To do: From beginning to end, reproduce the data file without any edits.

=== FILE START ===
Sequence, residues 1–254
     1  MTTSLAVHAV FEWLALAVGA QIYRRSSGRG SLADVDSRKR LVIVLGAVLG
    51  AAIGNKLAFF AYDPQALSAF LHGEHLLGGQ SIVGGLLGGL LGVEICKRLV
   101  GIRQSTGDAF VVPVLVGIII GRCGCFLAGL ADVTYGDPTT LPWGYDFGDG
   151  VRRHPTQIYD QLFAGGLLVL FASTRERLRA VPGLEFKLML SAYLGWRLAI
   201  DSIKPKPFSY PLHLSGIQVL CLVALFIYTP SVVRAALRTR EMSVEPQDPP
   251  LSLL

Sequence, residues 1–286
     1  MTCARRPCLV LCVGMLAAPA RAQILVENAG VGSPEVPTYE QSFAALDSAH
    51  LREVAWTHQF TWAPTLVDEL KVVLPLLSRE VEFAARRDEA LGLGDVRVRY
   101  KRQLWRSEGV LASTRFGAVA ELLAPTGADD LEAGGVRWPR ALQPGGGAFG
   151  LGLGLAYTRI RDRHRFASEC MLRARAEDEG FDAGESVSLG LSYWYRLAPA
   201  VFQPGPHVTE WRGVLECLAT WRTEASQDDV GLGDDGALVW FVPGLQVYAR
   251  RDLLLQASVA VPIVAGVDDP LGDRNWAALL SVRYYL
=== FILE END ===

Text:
Sequence, residues 1–254
     1  MTTSLAVHAV FEWLALAVGA QIYRRSSGRG SLADVDSRKR LVIVLGAVLG
    51  AAIGNKLAFF AYDPQALSAF LHGEHLLGGQ SIVGGLLGGL LGVEICKRLV
   101  GIRQSTGDAF VVPVLVGIII GRCGCFLAGL ADVTYGDPTT LPWGYDFGDG
   151  VRRHPTQIYD QLFAGGLLVL FASTRERLRA VPGLEFKLML SAYLGWRLAI
   201  DSIKPKPFSY PLHLSGIQVL CLVALFIYTP SVVRAALRTR EMSVEPQDPP
   251  LSLL

Sequence, residues 1–286
     1  MTCARRPCLV LCVGMLAAPA RAQILVENAG VGSPEVPTYE QSFAALDSAH
    51  LREVAWTHQF TWAPTLVDEL KVVLPLLSRE VEFAARRDEA LGLGDVRVRY
   101  KRQLWRSEGV LASTRFGAVA ELLAPTGADD LEAGGVRWPR ALQPGGGAFG
   151  LGLGLAYTRI RDRHRFASEC MLRARAEDEG FDAGESVSLG LSYWYRLAPA
   201  VFQPGPHVTE WRGVLECLAT WRTEASQDDV GLGDDGALVW FVPGLQVYAR
   251  RDLLLQASVA VPIVAGVDDP LGDRNWAALL SVRYYL